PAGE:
After the pound climbed to a high of US$1.3319 early last week, it then dived following the Bank of England (BoE) monetary policy decision, hitting a low on Friday of US$1.3044 for the pound. The pound US dollar exchange rate hasn’t traded at this low level for sterling since early October.
|What do these figures mean?|
When measuring the value of a pair of currencies, one set equals 1 unit and the other shows the current equivalent. As the market moves, the amount will vary from minute to minute.
For example, it could be written: 1 GBP = 1.28934 USD
Here, £1 is equivalent to approximately $1.29. This specifically measures the pound’s worth against the dollar. If the US dollar amount increases in this pairing, it’s positive for the pound.
Or, if you were looking at it the other way around: 1 USD = 0.77786 GBP
In this example, $1 is equivalent to approximately £0.78. This measures the US dollar’s worth versus the British pound. If the sterling number gets larger, it’s good news for the dollar.
Sterling tumbled at the end of last week despite the BoE raising interest rates. This is because the central bank failed to convince the markets that they would hike rates again soon. In fact, the odds of the next rate hike were pushed lower with investors predicting that the next hike could happen in September of next year. The reduction in chances of a rate hike pulled the pound lower.
|Why do raised interest rates usually boost a currency’s value?|
|Interest rates are key to understanding exchange rate movements. Those who have large sums of money to invest want the highest return on their investments. Higher interest rate environments tend to offer higher yields. So, if the interest rate, or at least the interest rate expectation, of a country is relatively higher compared to another, then it attracts more foreign capital investment. Large corporations and investors need local currency to invest. More local currency used then boosts the demand of that currency, pushing the value higher.|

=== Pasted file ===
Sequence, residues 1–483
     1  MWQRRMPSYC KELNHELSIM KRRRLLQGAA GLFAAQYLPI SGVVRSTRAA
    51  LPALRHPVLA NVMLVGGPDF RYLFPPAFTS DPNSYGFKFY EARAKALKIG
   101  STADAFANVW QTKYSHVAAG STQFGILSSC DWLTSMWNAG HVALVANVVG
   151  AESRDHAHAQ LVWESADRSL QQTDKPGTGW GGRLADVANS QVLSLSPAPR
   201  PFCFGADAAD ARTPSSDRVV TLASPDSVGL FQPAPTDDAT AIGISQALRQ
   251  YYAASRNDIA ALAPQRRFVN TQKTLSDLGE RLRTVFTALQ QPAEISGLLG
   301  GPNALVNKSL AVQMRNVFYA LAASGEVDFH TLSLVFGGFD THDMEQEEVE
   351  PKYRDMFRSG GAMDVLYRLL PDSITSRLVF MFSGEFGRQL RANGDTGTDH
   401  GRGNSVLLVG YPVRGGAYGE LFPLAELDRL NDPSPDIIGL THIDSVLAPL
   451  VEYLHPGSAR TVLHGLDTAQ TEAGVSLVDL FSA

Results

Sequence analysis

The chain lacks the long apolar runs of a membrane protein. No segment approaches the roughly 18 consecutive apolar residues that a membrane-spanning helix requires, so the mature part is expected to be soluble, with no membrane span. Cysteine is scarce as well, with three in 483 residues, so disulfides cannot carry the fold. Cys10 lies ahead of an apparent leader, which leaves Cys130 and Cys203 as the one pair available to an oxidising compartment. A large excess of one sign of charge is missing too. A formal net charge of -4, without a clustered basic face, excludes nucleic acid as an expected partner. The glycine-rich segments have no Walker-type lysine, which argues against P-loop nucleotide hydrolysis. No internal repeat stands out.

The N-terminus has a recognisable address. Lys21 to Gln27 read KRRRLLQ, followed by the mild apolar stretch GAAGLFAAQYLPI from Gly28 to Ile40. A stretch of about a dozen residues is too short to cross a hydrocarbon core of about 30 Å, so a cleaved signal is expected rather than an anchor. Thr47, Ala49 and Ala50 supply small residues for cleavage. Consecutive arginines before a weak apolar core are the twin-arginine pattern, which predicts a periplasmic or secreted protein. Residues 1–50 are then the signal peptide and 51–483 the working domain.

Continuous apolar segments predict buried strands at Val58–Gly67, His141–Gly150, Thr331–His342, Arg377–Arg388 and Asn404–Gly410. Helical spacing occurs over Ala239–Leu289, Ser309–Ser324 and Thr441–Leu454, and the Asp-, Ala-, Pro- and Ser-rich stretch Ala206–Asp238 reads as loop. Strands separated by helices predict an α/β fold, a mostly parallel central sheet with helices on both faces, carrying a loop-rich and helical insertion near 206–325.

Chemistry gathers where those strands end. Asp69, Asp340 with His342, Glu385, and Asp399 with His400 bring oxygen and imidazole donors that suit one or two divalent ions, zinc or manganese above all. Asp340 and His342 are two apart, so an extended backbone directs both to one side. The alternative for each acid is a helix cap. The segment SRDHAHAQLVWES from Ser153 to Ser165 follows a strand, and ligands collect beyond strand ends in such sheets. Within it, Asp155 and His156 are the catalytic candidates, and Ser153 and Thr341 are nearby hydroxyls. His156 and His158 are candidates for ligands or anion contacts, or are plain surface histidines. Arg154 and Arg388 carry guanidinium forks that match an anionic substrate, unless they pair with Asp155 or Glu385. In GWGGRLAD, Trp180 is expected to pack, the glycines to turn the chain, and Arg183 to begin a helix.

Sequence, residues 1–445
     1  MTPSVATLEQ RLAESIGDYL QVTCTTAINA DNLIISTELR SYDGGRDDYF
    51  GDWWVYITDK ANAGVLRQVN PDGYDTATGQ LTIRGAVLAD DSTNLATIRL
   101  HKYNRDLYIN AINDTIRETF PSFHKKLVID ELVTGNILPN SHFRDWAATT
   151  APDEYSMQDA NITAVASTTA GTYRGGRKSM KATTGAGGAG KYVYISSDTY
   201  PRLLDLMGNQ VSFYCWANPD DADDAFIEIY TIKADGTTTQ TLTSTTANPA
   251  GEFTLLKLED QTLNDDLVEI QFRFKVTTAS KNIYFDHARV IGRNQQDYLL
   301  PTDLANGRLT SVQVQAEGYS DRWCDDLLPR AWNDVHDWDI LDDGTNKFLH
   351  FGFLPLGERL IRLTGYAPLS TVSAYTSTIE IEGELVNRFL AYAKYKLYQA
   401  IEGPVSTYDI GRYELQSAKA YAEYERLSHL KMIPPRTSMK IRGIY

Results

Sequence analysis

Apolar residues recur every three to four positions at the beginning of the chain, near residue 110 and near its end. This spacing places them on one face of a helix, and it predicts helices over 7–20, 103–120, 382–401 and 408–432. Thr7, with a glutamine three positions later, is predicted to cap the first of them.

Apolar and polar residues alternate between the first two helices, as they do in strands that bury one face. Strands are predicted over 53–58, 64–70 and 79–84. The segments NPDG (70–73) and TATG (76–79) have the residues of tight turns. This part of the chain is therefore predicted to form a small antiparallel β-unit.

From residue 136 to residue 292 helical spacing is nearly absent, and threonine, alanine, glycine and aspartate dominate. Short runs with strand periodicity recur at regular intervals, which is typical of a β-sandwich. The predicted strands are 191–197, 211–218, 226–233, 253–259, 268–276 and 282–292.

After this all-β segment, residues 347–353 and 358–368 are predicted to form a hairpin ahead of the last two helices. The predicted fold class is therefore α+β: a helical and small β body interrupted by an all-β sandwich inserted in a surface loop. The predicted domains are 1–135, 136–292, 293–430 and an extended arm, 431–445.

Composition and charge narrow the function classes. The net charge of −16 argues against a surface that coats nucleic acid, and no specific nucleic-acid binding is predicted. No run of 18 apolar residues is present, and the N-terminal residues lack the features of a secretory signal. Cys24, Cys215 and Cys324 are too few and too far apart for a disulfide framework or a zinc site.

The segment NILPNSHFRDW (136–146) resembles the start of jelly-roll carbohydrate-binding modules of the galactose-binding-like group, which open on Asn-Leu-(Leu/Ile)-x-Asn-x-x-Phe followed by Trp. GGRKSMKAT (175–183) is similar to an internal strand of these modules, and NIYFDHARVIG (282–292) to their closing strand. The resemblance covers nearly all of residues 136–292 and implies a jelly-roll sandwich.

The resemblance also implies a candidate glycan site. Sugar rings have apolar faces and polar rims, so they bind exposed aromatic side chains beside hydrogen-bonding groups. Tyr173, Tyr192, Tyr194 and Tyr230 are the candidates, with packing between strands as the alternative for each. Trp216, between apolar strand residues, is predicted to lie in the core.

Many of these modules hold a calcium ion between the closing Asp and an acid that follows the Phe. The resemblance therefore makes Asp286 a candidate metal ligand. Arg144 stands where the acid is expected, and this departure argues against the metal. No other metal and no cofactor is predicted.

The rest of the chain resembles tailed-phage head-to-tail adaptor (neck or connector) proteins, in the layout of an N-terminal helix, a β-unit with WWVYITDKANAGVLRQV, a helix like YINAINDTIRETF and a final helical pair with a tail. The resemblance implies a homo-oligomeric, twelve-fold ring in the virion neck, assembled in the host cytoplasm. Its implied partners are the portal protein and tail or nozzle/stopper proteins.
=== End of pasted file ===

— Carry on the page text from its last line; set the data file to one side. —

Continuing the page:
This week the focus will switch back to Brexit. EU chief negotiator Michel Barnier and Brexit Secretary David Davis will kick off the next round of Brexit talks in Brussels. Pound traders are very aware that time is ticking and if meaningful progress is not made at the talks, the chances of the UK achieving a transition deal with the EU could fall away. This would be the worst-case scenario for the pound.
The dollar could struggle in early trade on Monday as investors continue to deal with the US jobs report from Friday. The headline job creation figure failed to rebound as high as analysts had forecasted, which left the US weaker heading into the weekend. Although unemployment unexpectedly dropped from 4.2% to 4.1%, this was overshadowed by very disappointing average wage growth.
Investors and analysts are still confident about the US interest rate rise for December. However, with wages refusing to move significantly higher, the Federal Reserve could struggle to continue hiking interest rates next year. Already, some Fed members have expressed concern over wage growth and inflation levels and October’s poor reading could encourage more caution going forwards.
|How do employment figures affect the US dollar?|
|It works like this, when there is low unemployment and high job creation, the demand for workers increases. As demand for workers goes up, wages for those workers also go up. Which means the workers are now taking home more money to spend on cars, houses or in the shops. As a result, demand for goods and services also increase, pushing the prices of the good and services higher. That’s also known as inflation. When inflation moves higher, central banks are more likely to raise interest rates, which then pushes up the currency’s worth.|
Looking out across the week, there’s a relatively quiet US economic calendar in store. Instead, US President Trump’s Asia visit could come under closer scrutiny than usual. Trump intends to visit South Korea, which could upset North Korea and initiate another war of words or more bomb tests from the rogue nation. In previous flare ups at the end of summer between Trump and North Korea, the dollar has weakened, although the impact hasn’t ever lasted for long.
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